New Zealand Law Society - Supreme Court Roundup 3 – 10 September

Supreme Court Roundup 3 – 10 September

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NZ Supreme Court

Bail application, jurisdiction to consider appeal

Signal v R [2020] NZSC 90 (9 September 2020)

Unsuccessful leave application – S charged, along with four others, with murder of one person and assault with intent to cause grievous bodily harm to another, as well as three associated charges -  applied to the HC for bail - application dismissed - Appealed to CA - Appeal dismissed – Sought leave to appeal to SC against CA decision - Appeal to CA  advanced under s 42 of the Bail Act 2000 – SC said no proper basis for it to assert jurisdiction based on CA decision containing an error to the extent that could not be said to be “final” – SC did not have jurisdiction to hear and determine an appeal against CA decision here – Application dismissed.

High Court of Australia

Immigration, character requirement, visa cancellation

Applicant S270/2019 v Minister for Immigration and Border Protection [2020] HCA 32 (9 September 2020)

Unsuccessful appeal from Full Court of FCA – S  born in Vietnam and arrived in Australia on humanitarian visa in 1990 - Visa did not say appellant was entitled to protection under the Convention relating to the Status of Refugees as modified by the Protocol relating to the Status of Refugees - In 1994, S granted Five Year Resident Return visa - Visa cancelled under s 501(3A) Migration Act 1958 which said  Minister must cancel a visa if satisfied that the person did not pass character test because they had substantial criminal record and were serving full-time imprisonment sentence - Section 501CA(4) said Minister could revoke decision to cancel if two conditions met - First was that person made representations in accordance with Minister’s  invitation (s 501CA(4)(a)) - Second Minister satisfied that either the person passed character test or there was another reason why decision should be revoked (s 501CA(4)(b)) - Minister declined to revoke cancellation – S’s judicial review application  and appeal to Full Court unsuccessful - S granted special leave to appeal to HCA on the ground that, when exercising the power under s 501CA(4), Minister obliged to, and failed to, consider whether non-refoulement obligations were owed to the appellant – HCA majority said Minister not required to consider whether Australia owed non-refoulement obligations to S as "another reason" under s 501CA(4)(b)(ii) - Nothing in any of the material S submitted in support of his revocation request indicated or suggested that he now held a subjective or well-founded fear of persecution in Vietnam – Appeal declined.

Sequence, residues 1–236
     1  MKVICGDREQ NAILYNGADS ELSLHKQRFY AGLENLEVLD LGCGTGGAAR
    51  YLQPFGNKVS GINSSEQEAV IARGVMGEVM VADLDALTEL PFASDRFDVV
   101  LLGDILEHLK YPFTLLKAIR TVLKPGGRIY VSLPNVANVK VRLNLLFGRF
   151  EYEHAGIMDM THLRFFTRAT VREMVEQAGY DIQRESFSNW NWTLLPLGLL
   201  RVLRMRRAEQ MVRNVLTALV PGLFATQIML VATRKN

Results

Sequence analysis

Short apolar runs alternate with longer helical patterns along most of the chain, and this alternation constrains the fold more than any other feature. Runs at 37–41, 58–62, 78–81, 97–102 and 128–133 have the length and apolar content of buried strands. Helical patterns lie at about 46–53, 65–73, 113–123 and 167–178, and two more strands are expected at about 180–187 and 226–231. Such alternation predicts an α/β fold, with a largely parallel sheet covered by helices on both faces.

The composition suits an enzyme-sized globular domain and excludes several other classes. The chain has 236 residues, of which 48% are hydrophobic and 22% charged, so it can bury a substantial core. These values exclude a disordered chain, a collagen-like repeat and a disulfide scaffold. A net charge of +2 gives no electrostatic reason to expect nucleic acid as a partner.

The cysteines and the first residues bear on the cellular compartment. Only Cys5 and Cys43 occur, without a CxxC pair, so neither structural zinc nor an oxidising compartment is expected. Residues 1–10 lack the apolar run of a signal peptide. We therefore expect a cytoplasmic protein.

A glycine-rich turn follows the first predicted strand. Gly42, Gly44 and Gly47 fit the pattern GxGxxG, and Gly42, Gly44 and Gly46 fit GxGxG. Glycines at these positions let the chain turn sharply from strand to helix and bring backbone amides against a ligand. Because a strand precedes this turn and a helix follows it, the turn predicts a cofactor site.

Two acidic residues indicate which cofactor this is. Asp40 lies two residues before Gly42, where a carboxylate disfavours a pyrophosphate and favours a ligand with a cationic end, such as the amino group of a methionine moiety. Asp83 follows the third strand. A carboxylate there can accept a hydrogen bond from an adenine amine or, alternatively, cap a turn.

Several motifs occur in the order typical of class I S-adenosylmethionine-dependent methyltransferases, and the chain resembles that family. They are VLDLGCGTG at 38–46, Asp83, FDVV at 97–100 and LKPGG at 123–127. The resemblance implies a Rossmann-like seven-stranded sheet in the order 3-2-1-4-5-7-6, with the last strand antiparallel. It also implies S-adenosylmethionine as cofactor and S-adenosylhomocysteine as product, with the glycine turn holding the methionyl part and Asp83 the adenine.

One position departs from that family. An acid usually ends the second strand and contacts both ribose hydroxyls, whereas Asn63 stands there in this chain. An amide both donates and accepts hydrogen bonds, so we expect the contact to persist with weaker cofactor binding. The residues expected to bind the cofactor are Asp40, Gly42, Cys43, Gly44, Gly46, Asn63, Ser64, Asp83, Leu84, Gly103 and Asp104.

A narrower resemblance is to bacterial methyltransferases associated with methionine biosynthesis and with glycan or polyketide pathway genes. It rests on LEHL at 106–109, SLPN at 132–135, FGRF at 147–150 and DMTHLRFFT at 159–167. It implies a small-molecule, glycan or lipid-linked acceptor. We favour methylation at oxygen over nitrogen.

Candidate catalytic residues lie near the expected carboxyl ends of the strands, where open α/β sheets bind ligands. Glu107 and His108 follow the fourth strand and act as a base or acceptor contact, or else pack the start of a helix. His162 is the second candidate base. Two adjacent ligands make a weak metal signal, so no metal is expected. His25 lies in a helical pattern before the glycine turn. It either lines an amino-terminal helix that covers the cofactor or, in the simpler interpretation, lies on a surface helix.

Defence Force Magistrate, jurisdiction, criminal charges

Private R v Cowen [2020] HCA 31 (9 September 2020)

Unsuccessful application to challenge jurisdiction of Defence Force magistrate to try charge against a member of the Australian Defence Force ("ADF") - On 12 June 2019,  Director of Military Prosecutions ("DMP") charged R with one count of assault occasioning actual bodily harm against a woman with whom he had previously been in an intimate relationship - Alleged offending occurred after a birthday party in Brisbane – R was and is a member of the ADF and the complainant, at the time of the alleged assault, was an ADF member - Neither was on duty or in uniform at time of alleged offending – On 26 August 2019, R appeared before Defence Force magistrate on a charge under s 61(3) of the Defence Force Disciplinary Act - R objected magistrate's jurisdiction to hear the charge - magistrate dismissed objection – Said sufficient to confer jurisdiction on a service tribunal that accused a member of the armed forces when offence allegedly committed – R commenced proceedings in HCA original jurisdiction seeking prohibition to prevent magistrate hearing the charge – HCA unanimously said magistrate had jurisdiction - Five Justices said s 61(3) of the Act, in obliging defence members to obey the law of the land, was, in all its applications, a valid exercise of the defence power - Two Justices said s 61(3) valid only in its application to offences which, because of their nature or circumstances of commission, had proven connection with defence force discipline, and that threshold satisfied in the present case.

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